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November 23, 2016

Federal judge puts brakes on new OT rules slated to take effect Dec. 1

File Photo / Tim Greenway
File Photo / Tim Greenway
Tawny Alvarez, associate at Verrill Dana, left; Douglas Currier, partner and chair of the law firm's labor and employment practice; and Joanna Bowers, associate, at the Portland office. Alvarez told Mainebiz that until a final ruling is made, Maine employers should at the very least proceed with keeping accurate time records, effective Dec. 1, for all employees who potentially could be affected under the DOL's overtime rule.

A federal judge in Texas on Tuesday granted a preliminary injunction blocking the U.S. Department of Labor's new overtime regulations from taking effect nationwide on Dec. 1 as originally scheduled.

The regulations had been slated to expand by millions nationwide the number of workers who would be eligible for time-and-a-half overtime pay when they work more than 40 hours by raising the salary threshold for determining eligibility for overtime pay from $23,660 per year, or $455 per week to $47,476, or $913 per week.

Judge Amos L. Mazzant III of the Eastern District of Texas ruled that the Obama administration exceeded its authority by more than doubling the OT threshold in one fell swoop. Mazzant's ruling explicitly states that it only temporarily halts the DOL overtime rule, stating that the looming Dec. 1 deadline didn't allow enough time to "render a meaningful decision on the merits" of DOL's arguments in favor of the new OT rule or the counter-arguments put forward by the 21 states (including Maine) that sought the temporary injunction.

"The court finds the public interest is best served by an injunction," Mazzant wrote in his ruling, noting that preserving the status quo until a definitive legal ruling is made was the safest option for both the federal government and the 21 states and numerous business groups challenging its OT rules.

What does this mean for Maine employers?

Tawny Alvarez, an attorney with the labor and employment law group of the Portland law firm Verrill Dana, told Mainebiz that until a final ruling is made, Maine employers should at the very least proceed with keeping accurate time records, effective Dec. 1, for all employees who potentially could be affected under the DOL's overtime rule.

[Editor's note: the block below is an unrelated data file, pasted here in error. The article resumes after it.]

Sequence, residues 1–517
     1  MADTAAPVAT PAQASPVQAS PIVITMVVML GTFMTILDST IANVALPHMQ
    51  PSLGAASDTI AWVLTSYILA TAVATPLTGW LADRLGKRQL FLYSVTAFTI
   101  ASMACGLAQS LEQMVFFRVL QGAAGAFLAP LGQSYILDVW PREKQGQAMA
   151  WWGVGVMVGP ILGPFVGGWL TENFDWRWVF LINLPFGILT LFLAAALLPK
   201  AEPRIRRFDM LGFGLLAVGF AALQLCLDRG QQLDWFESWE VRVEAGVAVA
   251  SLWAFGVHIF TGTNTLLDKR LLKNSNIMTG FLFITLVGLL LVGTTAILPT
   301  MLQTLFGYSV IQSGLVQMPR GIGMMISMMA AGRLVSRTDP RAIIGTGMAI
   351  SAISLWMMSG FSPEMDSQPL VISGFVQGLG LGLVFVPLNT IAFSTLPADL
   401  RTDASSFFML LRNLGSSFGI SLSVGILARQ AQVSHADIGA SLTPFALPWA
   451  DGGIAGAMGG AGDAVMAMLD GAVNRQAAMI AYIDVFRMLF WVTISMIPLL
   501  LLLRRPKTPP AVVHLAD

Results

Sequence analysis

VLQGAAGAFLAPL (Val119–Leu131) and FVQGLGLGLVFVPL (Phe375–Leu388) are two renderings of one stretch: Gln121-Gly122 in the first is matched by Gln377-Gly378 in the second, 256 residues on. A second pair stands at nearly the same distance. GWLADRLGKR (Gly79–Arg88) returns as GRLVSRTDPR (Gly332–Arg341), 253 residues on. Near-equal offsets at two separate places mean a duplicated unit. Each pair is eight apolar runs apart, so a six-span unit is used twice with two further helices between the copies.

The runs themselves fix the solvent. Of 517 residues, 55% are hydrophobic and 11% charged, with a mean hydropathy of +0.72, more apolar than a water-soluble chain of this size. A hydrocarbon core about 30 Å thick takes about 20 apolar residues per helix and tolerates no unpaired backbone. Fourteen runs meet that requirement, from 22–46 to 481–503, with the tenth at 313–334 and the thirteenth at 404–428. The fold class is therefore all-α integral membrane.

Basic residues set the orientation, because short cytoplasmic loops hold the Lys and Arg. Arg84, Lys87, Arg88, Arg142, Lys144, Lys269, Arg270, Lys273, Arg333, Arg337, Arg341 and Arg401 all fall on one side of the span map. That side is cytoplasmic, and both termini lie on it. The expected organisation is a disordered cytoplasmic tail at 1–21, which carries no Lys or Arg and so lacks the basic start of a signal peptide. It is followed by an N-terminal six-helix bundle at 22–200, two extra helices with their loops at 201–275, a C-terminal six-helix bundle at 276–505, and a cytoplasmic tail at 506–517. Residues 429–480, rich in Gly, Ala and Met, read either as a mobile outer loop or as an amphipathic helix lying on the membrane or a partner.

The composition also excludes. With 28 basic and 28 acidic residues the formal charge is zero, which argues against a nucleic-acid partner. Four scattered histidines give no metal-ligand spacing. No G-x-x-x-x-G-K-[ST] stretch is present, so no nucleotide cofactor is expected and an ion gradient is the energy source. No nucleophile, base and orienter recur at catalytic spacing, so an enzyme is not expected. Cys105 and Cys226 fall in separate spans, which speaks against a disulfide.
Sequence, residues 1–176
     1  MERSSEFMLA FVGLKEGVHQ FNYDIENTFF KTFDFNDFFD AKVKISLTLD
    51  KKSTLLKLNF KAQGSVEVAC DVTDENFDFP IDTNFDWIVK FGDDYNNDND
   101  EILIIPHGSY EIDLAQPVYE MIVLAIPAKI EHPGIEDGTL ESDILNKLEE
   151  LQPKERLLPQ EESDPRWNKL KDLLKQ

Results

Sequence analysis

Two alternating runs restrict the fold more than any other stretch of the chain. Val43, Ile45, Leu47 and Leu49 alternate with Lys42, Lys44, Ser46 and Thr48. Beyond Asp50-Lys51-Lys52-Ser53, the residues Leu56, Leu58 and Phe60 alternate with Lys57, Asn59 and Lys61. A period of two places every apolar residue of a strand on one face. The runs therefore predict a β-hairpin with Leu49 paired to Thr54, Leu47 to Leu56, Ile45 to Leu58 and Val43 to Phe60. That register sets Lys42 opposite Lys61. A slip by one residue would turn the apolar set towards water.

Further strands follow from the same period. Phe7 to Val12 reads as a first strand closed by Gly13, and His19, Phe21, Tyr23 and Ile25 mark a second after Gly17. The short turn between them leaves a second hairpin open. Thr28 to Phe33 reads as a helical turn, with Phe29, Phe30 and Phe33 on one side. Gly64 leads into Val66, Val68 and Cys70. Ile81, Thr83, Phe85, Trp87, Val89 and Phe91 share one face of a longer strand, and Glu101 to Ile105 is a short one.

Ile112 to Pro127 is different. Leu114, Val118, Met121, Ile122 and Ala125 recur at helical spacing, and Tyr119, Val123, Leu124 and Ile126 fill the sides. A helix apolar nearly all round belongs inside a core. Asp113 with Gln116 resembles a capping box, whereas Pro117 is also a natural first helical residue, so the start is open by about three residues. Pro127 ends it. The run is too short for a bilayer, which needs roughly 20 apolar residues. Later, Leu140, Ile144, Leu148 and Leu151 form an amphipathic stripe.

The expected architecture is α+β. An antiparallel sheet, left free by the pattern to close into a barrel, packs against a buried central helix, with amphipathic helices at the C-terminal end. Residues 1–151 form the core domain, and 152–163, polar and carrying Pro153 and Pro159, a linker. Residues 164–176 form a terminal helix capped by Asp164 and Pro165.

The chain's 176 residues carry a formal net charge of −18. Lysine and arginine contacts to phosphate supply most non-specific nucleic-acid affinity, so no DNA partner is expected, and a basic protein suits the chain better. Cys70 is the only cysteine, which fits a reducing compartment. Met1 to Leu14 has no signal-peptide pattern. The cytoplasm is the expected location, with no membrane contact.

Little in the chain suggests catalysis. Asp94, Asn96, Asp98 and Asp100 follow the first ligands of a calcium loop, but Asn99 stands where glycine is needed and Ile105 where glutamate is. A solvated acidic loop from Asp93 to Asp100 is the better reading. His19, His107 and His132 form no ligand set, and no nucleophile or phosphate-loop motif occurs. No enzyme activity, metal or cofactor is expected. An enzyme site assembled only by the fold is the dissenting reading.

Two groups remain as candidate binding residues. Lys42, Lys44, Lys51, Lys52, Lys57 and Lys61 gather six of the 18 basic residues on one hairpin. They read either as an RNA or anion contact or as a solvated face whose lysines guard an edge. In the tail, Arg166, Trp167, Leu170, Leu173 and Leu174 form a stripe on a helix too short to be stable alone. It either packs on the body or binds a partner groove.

That way, she said, if the OT rule is eventually determined to be legal and in force, employers will have the essential records in place to help them determine how many workers might need to be paid overtime retroactively to Dec. 1 under the new guidelines.

"Right now the federal DOL is mulling its legal options," Alvarez said.

Alvarez expected that given the high stakes of the overtime issue for both employers and employees, there was likely to be a flurry of legal maneuverings in the weeks ahead. She advised employers to keep a close eye for updates on the OT rule, including any advisories that might be issued by the Maine Department of Labor.

She also noted that Verrill Dana will be posting updates on its labor and employment law blog.

As reported by Mainebiz shortly after the final OT rule was announced, the U.S. Department of Labor estimates the new OT rule would automatically extend overtime pay eligibility to 4.2 million workers nationwide. In Maine, anywhere from 16,000 to 64,000 salaried workers could be affected, according to a state-by-state analysis compiled by U.S. Sen. Elizabeth Warren, D.Mass. However, Julie Rabinowitz, director of policy, operations and communication for the Maine DOL, told Mainebiz it's difficult to gauge the precise number of salaried workers in Maine who could be affected.

Retailers applaud 'timeout'

The National Retail Federation, which had joined the 21 states and dozens of business groups in the lawsuit seeking a preliminary injunctions, welcomed the judge's ruling.

"The Labor Department's overtime changes are a reckless and aggressive overreach of executive power, and retailers are pleased with the judge's decision," NRF Senior Vice President for Government Relations David French said in a statement issued Tuesday. "The rules are just plain bad public policy, and we are pleased that the judge is allowing time for the case to go forward before they can go into effect. We hope the judge ultimately finds in our favor, and in the meantime this timeout gives Congress a chance to take another look at the impact of these rules."

NRF, the world's largest retail trade association, represents retail stores, restaurants and Internet retailers in the United States and more than 45 countries. Retail is the nation's largest private sector employer, the trade group stated, supporting one in four U.S. jobs – 42 million working Americans — and contributing $2.6 trillion to annual GDP.

Read more

LePage joins coalition lawsuit against overtime rules

New OT rules take effect Dec. 1: Here's what you need to know

New OT rule praised, others say it goes too fast, too far

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